Access to the main compartment is through a traditional clamshell opening (zippers run roughly ½ down the pack’s length) or by unzipping the foam/plastic reinforced back panel. Lay the pack down on the snow, and it’s easy to access the entire main compartment via this panel. In a pack this size, in which you likely carry plenty of stuff, this feature comes in handy. It’s also useful for photographers who desire an airbag pack and quick access to lenses.
The main compartment includes a hydration sleeve and a path to route a tube internally through to the left shoulder strap. A zipper runs the length of the left shoulder strap; unzip, and you can access the hydration tube, or stash a small collapsible water flask (no larger than 500ml) or small plastic bottle in a stretchy pouch. Not to be left out, near the top of the cavernous main compartment sits a small zippered mesh pocket to organize keys and other small doodads like skin wax and a few bars. Of the 45 claimed liters of volume, I’d say all but three of those liters are usable for storage with the airbag system installed.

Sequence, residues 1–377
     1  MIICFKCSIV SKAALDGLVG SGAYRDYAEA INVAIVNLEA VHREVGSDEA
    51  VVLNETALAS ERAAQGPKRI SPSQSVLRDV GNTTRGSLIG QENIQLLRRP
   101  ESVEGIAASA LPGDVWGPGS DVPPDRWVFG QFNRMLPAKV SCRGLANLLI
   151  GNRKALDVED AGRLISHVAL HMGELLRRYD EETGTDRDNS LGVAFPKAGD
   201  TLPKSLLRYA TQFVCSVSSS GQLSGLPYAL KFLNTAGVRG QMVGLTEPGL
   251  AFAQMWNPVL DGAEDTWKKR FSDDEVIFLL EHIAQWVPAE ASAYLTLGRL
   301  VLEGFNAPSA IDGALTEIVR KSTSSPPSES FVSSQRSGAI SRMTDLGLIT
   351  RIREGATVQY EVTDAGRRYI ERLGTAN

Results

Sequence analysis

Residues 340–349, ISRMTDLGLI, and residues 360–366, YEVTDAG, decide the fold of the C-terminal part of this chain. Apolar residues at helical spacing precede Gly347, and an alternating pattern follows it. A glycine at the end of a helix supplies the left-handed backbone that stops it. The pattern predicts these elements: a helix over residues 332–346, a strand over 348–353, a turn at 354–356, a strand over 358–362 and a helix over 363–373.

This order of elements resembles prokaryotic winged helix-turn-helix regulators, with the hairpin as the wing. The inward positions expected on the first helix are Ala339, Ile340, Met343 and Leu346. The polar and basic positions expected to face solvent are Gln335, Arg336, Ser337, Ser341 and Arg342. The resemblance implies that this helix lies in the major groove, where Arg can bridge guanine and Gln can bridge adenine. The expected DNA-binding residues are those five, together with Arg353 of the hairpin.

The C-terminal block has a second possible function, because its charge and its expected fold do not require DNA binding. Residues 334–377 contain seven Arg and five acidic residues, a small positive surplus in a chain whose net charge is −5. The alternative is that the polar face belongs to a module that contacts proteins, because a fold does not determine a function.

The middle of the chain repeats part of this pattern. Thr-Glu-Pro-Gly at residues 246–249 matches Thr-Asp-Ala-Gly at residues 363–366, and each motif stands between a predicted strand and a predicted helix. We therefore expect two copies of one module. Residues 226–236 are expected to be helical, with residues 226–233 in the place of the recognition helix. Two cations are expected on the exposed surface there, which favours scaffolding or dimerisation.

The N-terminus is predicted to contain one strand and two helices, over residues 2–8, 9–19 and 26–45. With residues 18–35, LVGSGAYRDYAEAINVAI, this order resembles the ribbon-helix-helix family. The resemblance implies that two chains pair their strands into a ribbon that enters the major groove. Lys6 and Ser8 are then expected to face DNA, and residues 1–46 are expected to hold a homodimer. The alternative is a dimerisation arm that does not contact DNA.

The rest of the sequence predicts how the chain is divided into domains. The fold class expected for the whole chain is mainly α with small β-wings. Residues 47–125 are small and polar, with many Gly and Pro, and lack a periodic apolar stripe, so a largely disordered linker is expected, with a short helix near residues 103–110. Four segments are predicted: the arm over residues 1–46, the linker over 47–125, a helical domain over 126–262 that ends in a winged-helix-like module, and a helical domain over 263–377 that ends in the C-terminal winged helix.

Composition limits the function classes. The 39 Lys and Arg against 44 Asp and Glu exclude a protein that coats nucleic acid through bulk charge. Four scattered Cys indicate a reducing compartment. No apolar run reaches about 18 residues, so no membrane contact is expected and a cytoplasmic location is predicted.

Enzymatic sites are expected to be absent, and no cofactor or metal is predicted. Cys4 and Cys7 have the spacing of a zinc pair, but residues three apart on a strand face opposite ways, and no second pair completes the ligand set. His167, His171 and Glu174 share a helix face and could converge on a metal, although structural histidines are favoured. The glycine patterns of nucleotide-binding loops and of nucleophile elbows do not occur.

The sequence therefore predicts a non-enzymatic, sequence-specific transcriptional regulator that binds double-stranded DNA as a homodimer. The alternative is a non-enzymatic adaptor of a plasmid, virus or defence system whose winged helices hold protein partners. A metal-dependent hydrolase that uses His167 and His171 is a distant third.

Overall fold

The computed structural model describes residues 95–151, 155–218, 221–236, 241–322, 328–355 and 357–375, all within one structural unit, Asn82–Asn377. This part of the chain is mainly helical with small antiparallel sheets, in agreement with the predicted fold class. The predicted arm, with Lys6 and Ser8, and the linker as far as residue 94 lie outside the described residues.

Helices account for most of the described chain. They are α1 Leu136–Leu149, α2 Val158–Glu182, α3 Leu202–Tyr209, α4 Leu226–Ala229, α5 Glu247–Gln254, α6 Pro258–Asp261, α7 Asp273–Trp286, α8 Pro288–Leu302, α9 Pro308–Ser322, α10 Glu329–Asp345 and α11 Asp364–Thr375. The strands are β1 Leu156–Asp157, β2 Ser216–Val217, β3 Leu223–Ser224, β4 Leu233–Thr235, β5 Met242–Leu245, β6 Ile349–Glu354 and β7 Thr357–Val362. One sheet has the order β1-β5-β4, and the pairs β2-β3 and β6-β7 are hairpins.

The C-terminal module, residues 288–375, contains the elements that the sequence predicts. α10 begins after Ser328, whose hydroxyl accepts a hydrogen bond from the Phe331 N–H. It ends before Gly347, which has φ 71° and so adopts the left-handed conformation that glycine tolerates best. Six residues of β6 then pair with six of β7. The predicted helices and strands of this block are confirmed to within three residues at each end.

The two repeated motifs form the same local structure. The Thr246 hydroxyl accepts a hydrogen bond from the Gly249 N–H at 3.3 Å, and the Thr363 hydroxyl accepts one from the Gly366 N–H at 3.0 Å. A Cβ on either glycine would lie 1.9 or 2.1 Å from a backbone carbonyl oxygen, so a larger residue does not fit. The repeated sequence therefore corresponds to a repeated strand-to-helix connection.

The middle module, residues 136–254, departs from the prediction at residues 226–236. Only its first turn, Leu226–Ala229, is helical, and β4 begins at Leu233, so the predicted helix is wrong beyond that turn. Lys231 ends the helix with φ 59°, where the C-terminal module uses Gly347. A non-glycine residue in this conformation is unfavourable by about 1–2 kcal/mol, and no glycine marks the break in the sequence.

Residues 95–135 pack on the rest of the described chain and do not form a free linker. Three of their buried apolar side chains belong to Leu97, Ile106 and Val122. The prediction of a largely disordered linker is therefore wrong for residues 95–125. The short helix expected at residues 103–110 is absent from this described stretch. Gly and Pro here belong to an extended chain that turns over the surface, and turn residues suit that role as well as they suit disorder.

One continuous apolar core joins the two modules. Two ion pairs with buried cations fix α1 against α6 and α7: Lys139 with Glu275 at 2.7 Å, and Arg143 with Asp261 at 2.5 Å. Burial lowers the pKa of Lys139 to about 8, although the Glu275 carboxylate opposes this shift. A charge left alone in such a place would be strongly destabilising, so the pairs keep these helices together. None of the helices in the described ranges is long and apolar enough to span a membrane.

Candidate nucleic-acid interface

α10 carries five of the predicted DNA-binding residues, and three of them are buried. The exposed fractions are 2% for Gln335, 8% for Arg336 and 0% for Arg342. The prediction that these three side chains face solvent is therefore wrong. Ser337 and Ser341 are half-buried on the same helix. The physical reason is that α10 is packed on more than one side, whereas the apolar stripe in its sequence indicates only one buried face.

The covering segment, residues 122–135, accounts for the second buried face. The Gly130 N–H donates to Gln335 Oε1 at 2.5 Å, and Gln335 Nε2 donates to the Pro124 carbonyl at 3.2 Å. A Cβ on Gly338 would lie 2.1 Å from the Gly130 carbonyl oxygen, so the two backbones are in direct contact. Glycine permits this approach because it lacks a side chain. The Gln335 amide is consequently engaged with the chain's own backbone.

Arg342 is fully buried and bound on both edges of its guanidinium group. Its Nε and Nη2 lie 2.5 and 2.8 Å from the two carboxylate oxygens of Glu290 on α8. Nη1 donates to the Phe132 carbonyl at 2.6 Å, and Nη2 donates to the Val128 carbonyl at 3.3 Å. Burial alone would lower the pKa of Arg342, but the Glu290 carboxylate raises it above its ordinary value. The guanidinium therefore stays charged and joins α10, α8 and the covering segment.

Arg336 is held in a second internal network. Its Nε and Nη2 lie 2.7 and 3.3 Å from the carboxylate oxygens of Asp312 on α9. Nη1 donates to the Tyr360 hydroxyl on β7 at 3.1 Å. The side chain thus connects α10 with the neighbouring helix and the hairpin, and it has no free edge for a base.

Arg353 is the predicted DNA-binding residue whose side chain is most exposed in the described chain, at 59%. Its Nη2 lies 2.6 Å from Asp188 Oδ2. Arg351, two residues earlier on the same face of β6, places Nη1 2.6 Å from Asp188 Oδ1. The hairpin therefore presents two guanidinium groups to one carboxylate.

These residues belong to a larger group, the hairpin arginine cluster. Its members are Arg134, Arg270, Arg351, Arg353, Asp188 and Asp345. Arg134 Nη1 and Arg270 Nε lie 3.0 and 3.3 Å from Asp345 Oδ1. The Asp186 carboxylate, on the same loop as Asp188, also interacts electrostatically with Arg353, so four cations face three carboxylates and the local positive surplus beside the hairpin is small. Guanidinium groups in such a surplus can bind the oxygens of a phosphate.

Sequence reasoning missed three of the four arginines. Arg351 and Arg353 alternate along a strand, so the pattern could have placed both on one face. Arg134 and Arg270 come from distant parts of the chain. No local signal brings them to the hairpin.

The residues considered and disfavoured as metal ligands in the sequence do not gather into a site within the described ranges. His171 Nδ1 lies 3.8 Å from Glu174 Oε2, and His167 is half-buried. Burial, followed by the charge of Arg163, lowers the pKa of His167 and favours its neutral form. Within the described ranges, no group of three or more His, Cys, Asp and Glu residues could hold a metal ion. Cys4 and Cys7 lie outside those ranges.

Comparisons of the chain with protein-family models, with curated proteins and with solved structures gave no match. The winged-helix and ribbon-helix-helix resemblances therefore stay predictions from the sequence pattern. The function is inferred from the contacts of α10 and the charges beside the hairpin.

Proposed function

For the beacon, shovel, and probe, the pack includes a robust and day-glo orange safety pocket; the zippers for the safety pocket sport the orange color too.
Other add-ons include a generous fleece-lined goggle pocket, a stowable helmet carry, a hip belt with a gear loop (left side), and a small pocket (right side). The hip belt is well padded, supportive enough for a hefty 45L load, and is removable. Like many airbag packs, the leg loop is secured by aluminum waist belt buckles. One small change I’d like to see is an orange-colored leg loop. If you forget to attach the leg loop before descending, in my opinion, it’s easier to see something orange dangling around than black.
When fully loaded and a pair of 183cm Atomic Backland 107s fixed to the diagonal ski carry system, the Pro Removable 45L rides securely as it is well supported by a thin aluminum U-frame. And despite its size, this pack skis like a well-designed ski pack. To piggyback on the words of Romani, the pack does perform as well as its non-inflatable brethren.